Art Book Fairs as Public Spheres

A different, longer version of this text appears in the introduction to Publishing Manifestos, entitled “Publishing Publishing Manifestos.” During the process of writing, this essay benefitted greatly from discussions with Eleanor Vonne Brown, Yaiza Camps, Craig Dworkin, Martin Ebner, Annette Gilbert, Moritz Grünke, Victoria Hindley, Olivia Lynch, and Malte Fabian Rauch.

Even if the buzz of interest in publication as an art practice around the turn of the twenty-first century resembles the hype around the “artist’s book” in the 1970s, the phenomenon of art book fairs in this quantity and intensity is something new. Since 2006 or so, independent art book fairs have been spreading like mushrooms. Every time you turn around, a new book fair has been founded. The way these fairs function is significantly different from the institutions (initially bookstores, and later archives) that emerged in the 1970s, such as Other Books and So, Printed Matter, Inc., Art Metropole, Zona Archive, Franklin Furnace, Archive for Small Press & Communication, Artpool Archive, and others.

Art book fairs today are not only a venue for representing a separate, prior publishing scene, they are also a central forum for constituting and nurturing a community around publishing as artistic practice. A global phenomenon, these communities take the form of agile, adaptable, and wide-ranging networks. Miss Read in Berlin—and other comparable events in New York, Tokyo, Mexico City, Tehran, Moscow, London, Leipzig and elsewhere around the globe—are culmination points of dispersed activities: periodically recurring meeting places in real time and real space, where people travel to gather together. One could say that art book fairs today serve the function of marketplaces, but not primarily in the economic sense; rather, they are marketplaces in the sense of the ancient agora: a physical place accessible to the common public, and a public sphere for negotiation and exchange.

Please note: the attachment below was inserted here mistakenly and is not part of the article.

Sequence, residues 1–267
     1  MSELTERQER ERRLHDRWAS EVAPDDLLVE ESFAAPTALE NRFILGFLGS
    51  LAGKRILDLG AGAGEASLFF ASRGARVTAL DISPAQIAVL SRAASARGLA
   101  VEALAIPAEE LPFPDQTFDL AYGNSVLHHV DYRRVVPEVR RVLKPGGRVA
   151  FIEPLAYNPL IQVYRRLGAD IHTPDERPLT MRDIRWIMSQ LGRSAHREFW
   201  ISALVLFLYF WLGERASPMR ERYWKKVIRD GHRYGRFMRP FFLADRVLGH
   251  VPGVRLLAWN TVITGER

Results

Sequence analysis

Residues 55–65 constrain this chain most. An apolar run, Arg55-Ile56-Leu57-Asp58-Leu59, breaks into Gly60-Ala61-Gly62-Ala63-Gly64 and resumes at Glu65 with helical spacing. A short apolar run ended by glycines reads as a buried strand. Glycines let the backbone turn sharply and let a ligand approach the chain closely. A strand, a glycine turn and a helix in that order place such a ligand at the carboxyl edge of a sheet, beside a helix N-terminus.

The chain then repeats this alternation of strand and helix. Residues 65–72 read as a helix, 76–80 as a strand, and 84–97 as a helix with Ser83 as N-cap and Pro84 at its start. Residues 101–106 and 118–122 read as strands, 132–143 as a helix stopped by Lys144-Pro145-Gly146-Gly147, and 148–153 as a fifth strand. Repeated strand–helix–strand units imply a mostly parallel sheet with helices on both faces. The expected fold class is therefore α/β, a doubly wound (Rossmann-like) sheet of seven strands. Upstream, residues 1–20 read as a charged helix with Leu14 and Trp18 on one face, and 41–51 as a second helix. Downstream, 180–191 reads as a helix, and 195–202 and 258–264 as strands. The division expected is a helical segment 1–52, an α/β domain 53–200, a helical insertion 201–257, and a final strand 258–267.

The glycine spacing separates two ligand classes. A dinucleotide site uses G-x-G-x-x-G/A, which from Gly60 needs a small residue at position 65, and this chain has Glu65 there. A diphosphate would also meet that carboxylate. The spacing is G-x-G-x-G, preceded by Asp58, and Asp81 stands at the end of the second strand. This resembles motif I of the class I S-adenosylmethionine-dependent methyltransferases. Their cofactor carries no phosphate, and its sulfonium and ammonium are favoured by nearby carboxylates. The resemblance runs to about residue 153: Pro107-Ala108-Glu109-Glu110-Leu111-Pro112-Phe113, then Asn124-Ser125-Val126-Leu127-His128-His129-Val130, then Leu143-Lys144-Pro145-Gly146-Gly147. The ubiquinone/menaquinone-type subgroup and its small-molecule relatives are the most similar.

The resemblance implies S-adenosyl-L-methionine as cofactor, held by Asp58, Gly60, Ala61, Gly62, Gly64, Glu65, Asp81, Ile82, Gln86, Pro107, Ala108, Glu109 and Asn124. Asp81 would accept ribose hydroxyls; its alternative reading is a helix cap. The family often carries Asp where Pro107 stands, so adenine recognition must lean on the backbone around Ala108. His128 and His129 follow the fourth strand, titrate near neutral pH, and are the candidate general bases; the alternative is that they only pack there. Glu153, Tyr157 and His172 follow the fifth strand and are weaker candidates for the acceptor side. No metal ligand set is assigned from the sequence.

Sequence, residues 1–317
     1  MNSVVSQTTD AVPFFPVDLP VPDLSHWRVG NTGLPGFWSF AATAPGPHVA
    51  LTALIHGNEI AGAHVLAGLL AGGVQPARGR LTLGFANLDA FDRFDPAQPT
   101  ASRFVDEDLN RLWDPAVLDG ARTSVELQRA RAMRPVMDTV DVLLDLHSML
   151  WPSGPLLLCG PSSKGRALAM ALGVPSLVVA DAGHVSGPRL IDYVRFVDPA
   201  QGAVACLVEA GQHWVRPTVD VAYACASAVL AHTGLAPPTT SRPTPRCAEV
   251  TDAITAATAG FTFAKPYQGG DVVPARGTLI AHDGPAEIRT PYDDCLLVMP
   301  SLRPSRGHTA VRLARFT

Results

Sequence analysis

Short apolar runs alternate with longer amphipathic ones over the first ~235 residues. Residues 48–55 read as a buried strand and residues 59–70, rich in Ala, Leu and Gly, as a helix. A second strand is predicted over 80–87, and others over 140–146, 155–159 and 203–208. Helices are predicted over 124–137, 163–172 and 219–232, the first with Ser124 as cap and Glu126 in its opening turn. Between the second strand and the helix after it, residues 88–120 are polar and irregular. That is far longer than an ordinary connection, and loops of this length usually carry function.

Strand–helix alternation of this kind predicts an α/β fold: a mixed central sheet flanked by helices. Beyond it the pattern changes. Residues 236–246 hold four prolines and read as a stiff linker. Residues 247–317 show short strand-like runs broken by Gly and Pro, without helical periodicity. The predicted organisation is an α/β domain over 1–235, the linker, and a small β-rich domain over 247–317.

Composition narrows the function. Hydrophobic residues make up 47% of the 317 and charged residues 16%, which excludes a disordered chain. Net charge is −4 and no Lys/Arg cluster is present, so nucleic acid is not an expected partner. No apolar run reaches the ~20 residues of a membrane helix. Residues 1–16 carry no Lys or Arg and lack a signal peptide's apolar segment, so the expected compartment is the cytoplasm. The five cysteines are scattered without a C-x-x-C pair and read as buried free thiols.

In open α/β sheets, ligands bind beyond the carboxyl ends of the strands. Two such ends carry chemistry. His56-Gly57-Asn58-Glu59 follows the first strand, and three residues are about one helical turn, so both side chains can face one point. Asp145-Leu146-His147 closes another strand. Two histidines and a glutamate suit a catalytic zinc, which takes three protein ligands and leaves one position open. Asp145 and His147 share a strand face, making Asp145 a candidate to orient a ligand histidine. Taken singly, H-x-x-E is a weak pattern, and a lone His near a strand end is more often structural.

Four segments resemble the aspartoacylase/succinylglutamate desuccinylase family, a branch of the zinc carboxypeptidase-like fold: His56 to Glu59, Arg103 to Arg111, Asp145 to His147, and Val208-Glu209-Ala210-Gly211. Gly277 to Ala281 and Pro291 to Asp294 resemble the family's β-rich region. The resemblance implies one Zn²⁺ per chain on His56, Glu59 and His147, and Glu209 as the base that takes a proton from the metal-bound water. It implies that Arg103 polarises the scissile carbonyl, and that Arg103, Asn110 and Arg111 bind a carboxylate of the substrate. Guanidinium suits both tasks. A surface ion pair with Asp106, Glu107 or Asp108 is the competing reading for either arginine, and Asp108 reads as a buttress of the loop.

It remains questionable how far these events reach beyond their own primary demographic to involve communities beyond the upper and middle classes. However, the entrance barriers are, relatively, rather low. No gallery backup is needed. There are artists who have participated in numerous book fairs and whose works and ideas circulate without ever having worked with commercial galleries and hence never shown at art fairs.

Art book fairs constitute their own global art circuit even though they are not as economically sustainable as the more profitable art fairs. When book fair exhibitors talk about “breaking even,” they usually mean that they covered the table fee, perhaps travel expenses, and—if it went well—accommodation expenses; but they often neglect to take into account the production cost of the publications on display, much less the time and labor spent working at the fair. The economics, indeed, are rather precarious and often euphemistically called gift economies.

“A further caution,” as Michael Baers warns, “would concern the way critical art’s resistance to cooptation has been eroded. [...] In fact, the culture industry has proved quite adept at assimilating any insurgent notions artists might entertain.”[1] The role of book fairs is thus somewhat a paradox, oscillating between creating open spaces for critical debates on the one hand and being primary examples of neoliberal event-driven culture on the other hand. At the same time, larger art fairs have been increasingly eager to embrace book-fair sections under their roofs as a sort of intellectual fig-leaf, while museums have come to welcome the visitors and energy that such fairs bring with them.